News

Actions

Department of Justice suing State of Idaho over abortion ban, claims it violates federal law

Justice Department Abortion
Posted at 12:45 PM, Aug 02, 2022
and last updated 2022-08-03 13:43:17-04

IDAHO — The United States Department of Justice filed a lawsuit against the State of Idaho over the state's abortion ban, claiming it violates federal law that requires doctors to provide necessary care which could include abortion.

The lawsuit claims the law violates the federal Emergency Medical Treatment and Labor Act (EMTALA), which states a person with an emergency medical condition seeking treatment at an emergency department that accepts Medicare funds must receive stabilizing treatment at the hospital. The lawsuit states conditions include not just risks to life but also anything that place a patients health in serious jeopardy or risks "serious impairment to bodily functions" or "serious dysfunction to any bodily organ or part."

Under EMTALA, stabilizing care may include an abortion. The State of Idaho's "near absolute ban on abortion" would make it a criminal offense for doctors to provide care they are required to provide under EMTALA, the lawsuit states. These conditions could include ectopic pregnancy, severe preeclampsia, or a pregnancy complication threatening septic infection or hemorrhage.

The Associated Press reports it is the first major action the Department of Justice is taking to challenge a state trigger law since the overturn of Roe v. Wade.

In a press conference Tuesday, U.S. Attorney General Merrick Garland announced the filing of the lawsuit.

Related: Idaho GOP rejects abortion exception to save mother's life

"When a hospital determines an abortion is the medical treatment necessary to stabilize a patients emergency medical condition, it is required by federal law to provide that treatment," Garland said at a press conference Tuesday. "As detailed in our complaint, Idaho's law would make it a criminal offense for doctors to provide the emergency medical treatment that federal law requires."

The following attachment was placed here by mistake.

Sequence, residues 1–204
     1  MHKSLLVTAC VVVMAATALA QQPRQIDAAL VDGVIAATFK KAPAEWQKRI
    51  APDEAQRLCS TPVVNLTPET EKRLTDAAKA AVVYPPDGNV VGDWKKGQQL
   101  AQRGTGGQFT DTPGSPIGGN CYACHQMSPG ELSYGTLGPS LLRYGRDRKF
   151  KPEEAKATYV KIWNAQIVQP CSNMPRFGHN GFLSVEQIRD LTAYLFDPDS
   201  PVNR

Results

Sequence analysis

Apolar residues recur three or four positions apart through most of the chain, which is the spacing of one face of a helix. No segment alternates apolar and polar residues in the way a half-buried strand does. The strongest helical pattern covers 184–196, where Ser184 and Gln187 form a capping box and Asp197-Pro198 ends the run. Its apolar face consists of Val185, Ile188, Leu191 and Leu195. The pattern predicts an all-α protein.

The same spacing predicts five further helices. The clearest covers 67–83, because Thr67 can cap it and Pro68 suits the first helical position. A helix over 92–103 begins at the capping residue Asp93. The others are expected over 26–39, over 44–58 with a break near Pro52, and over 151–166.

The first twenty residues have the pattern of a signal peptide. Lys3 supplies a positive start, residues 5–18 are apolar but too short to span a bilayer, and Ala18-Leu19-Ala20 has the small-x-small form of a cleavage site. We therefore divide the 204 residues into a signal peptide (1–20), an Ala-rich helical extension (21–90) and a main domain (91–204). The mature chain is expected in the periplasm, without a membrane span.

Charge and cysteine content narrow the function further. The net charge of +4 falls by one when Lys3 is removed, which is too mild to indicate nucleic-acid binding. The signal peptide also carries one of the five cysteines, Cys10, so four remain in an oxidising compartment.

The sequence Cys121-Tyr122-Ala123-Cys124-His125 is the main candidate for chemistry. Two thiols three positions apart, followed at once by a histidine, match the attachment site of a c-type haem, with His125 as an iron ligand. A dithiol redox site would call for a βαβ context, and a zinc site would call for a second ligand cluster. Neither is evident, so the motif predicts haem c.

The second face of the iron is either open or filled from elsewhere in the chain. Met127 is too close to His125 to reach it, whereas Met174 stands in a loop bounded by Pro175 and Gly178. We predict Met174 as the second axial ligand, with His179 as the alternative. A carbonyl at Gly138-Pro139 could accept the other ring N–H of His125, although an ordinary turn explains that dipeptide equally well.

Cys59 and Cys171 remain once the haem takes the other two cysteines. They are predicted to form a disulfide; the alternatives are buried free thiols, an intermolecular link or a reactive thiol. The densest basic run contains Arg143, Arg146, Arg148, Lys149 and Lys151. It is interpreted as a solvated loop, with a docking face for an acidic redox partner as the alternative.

Garland noted while although the law does include exceptions to prevent the death of a pregnant woman, it "includes no exception for cases in which the abortion is necessary to prevent serious jeopardy to the woman's health."

The lawsuit states the U.S. is seeking a "declaratory judgment that Idaho's law is invalid under the Supremacy Clause of the United States Constitution" due to its conflict with EMTALA.

Related: Planned Parenthood, doctor file another lawsuit against Idaho's 6-week abortion ban

The lawsuit challenges Idaho's 2020 abortion ban that was triggered when the Supreme Court of the United States overturned Roe v. Wade. Under the 2020 abortion ban. The 2020 law bans abortions with exceptions for rape, incest and to protect the life of the mother.

Gov. Brad Little called the lawsuit "another example of Biden overreaching" in a statement released Tuesday.

Read Little's full statement here:

“Our nation’s highest court returned the issue of abortion to the states to regulate – end of story. The U.S. Justice Department’s interference with Idaho’s pro-life law is another example of Biden overreaching yet again while he continues to ignore issues that really should demand his attention – like crushing inflation and the open border with Mexico.

“Here in Idaho, we are proud that we have led the country in protecting preborn lives. I will continue to work with Attorney General Lawrence Wasden to vigorously uphold state sovereignty and defend Idaho’s laws in the face of federal meddling,”

Idaho's three abortion laws set for hearings in Idaho Supreme Court

The regional branch of Planned Parenthood filed lawsuits challenging all three of Idaho's recent abortion ban laws. The 2020 law as well as the "fetal heartbeat" law signed in 2021 and the "Texas-style" abortion ban signed by Gov. Brad Little in 2022 will all be in the Idaho Supreme Court August 3.

Related: Roe v. Wade overturn: How does it impact Idaho's Supreme Court abortion case?

Currently, the 2020 trigger law is set to take effect August 25 after the Supreme Court of the United States issued its official ruling July 26, triggering the 30-day enforcement countdown.

"We don’t have to guess what these abortion bans would mean for Idahoans – we’ve already seen the consequences in states across the nation. Patients are being denied access to basic health care," Rebecca Gibron, CEO of Planned Parenthood Great Northwest, Hawai’i, Alaska, Indiana, Kentucky, said in a statement. "Physicians are being forced to choose between compromising their Hippocratic oath or risking criminalization. We cannot let this become the future in Idaho. Our state constitution is meant to protect us from government intrusion in our private, personal decisions, and we will keep fighting for our bodily freedom until the end."

Read the full DOJ lawsuit here: